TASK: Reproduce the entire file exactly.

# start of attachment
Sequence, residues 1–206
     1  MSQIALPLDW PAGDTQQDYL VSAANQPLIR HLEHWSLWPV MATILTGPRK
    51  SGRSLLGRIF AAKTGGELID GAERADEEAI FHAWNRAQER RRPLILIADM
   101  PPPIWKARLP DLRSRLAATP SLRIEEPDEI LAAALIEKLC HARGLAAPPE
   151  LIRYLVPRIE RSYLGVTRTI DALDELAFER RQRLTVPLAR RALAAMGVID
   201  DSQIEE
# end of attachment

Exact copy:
Sequence, residues 1–206
     1  MSQIALPLDW PAGDTQQDYL VSAANQPLIR HLEHWSLWPV MATILTGPRK
    51  SGRSLLGRIF AAKTGGELID GAERADEEAI FHAWNRAQER RRPLILIADM
   101  PPPIWKARLP DLRSRLAATP SLRIEEPDEI LAAALIEKLC HARGLAAPPE
   151  LIRYLVPRIE RSYLGVTRTI DALDELAFER RQRLTVPLAR RALAAMGVID
   201  DSQIEE